‘Illegal activity’ fine print compounds an Oklahoma tragedy: Monroe Bird III, a 21-year-old Tulsan, was shot by a security guard while sitting in a car with a friend and left paralyzed from the neck down. Mr. Bird’s insurance company declined to cover his medical bills, claiming that his injuries resulted from “illegal activity.” Yet Mr. Bird was not convicted of any crime in connection with the incident. He was not even charged. Without insurance, he was discharged from the hospital and died at home last month from a preventable complication often seen in paralyzed patients [New York Times].

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In The Know: Earthquake restrictions announced for some Oklahoma injection wells

by | July 20th, 2015 | Posted in In The Know | Comments (0)

In The KnowIn The Know is your daily briefing on Oklahoma policy-related news. Inclusion of a story does not necessarily mean endorsement by the Oklahoma Policy Institute. Click here to subscribe to In The Know and see past editions.

Today In The News

Earthquake restrictions announced for some Oklahoma injection wells: The Oklahoma Corporation Commission has ruled the oil and gas wastewater injection wells in 21 Oklahoma counties fall under a seismicity watch. The well operators have until August 14 to prove they are not injecting below the Arbuckle geological formation, which scientists say is increasing earthquake risk [OK Energy Today]. St. Gregory’s University, a Catholic university and monastery in Shawnee, is still dealing with hundreds of thousands in costs from a damaging earthquake in 2011 [StateImpact Oklahoma].

Judge tosses out Oklahoma Attorney General’s lawsuit against EPA Clean Power Plan: More than two weeks after filing another lawsuit against the Environmental Protection Agency over its Clean Power Plan, Oklahoma Attorney General Scott Pruitt’s suit has been tossed by a Tulsa U.S. District court judge. In the ruling issued Friday by Judge Claire Eagan, she said the lawsuit was premature and lacked jurisdiction. She said his claim that the EPA’s plan to cut power plant carbon dioxide emissions by 2030 would harm Oklahoma’s electricity system was “exaggerated” [OK Energy Today].

Funding drops again for Oklahoma schools: Even though the Oklahoma legislature was able to keep the budget for the State Department of Education from seeing a decrease for this fiscal year, initial allocations for some area school districts are not faring as well. SDE had to hold out more money for charter schools and virtual schools, as well as about $3.5 million for changes to the Lindsey Nicole Henry Scholarship that provides vouchers for students with disabilities to attend private schools [Bartlesville Examiner-Enterprise]. Since 2008 Oklahoma has made the largest cuts to per-pupil education funding in the nation [OK Policy].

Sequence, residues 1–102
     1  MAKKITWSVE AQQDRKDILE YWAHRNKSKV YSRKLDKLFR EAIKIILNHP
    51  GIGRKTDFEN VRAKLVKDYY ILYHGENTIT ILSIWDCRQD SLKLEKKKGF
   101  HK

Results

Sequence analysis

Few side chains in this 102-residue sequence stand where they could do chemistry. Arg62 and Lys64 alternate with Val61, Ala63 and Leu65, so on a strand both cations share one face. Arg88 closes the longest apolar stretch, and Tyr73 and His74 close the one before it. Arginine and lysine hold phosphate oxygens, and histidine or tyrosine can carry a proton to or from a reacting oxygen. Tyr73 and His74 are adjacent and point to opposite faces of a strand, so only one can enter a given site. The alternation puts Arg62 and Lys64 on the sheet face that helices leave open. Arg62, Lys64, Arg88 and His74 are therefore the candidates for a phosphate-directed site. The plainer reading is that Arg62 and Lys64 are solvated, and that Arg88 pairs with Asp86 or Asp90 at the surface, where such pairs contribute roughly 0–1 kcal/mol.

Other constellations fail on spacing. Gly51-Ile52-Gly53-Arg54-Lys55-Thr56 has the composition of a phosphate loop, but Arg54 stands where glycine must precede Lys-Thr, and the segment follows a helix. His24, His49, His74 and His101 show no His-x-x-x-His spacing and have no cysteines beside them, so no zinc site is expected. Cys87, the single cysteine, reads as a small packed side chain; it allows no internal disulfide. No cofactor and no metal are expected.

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In The Know: Oklahoma House leader approves 122 interim studies

by | July 15th, 2015 | Posted in In The Know | Comments (0)

In The KnowIn The Know is your daily briefing on Oklahoma policy-related news. Inclusion of a story does not necessarily mean endorsement by the Oklahoma Policy Institute. Click here to subscribe to In The Know and see past editions.

Today In The News

Oklahoma House leaders approve 122 interim studies: At least five of the 122 interim committee studies announced by Oklahoma House leaders will delve into earthquakes and the oil and gas industry, water, electricity and the Corporation Commission [OK Energy Today]. You can see the full list of approved House interim studies here.

Oklahoma Republican Party compares SNAP recipients to animals: After a cascade of criticism, the Oklahoma Republican Party deleted its Facebook post equating food stamp recipients to animals in national parks that receive food handouts. “Last night, there was a post on our OKGOP Facebook page, and it was misinterpreted by many,” state Republican Party Chairman Randy Brogdon said. “I offer my apologies for those who were offended — that was not my intention” [NewsOK].

OK private colleges must allow their employees to access contraception: The 10th Circuit Court of Appeals in Denver overturned a U.S. District Court ruling that temporarily stopped enforcement of a mandate imposed on Southern Nazarene University, Oklahoma Baptist University, Oklahoma Wesleyan University and Mid-America Christian University. The universities can opt out of providing the drugs they deem offensive, but they cannot block third party insurance companies from providing them [NewsOK].

continue reading In The Know: Oklahoma House leader approves 122 interim studies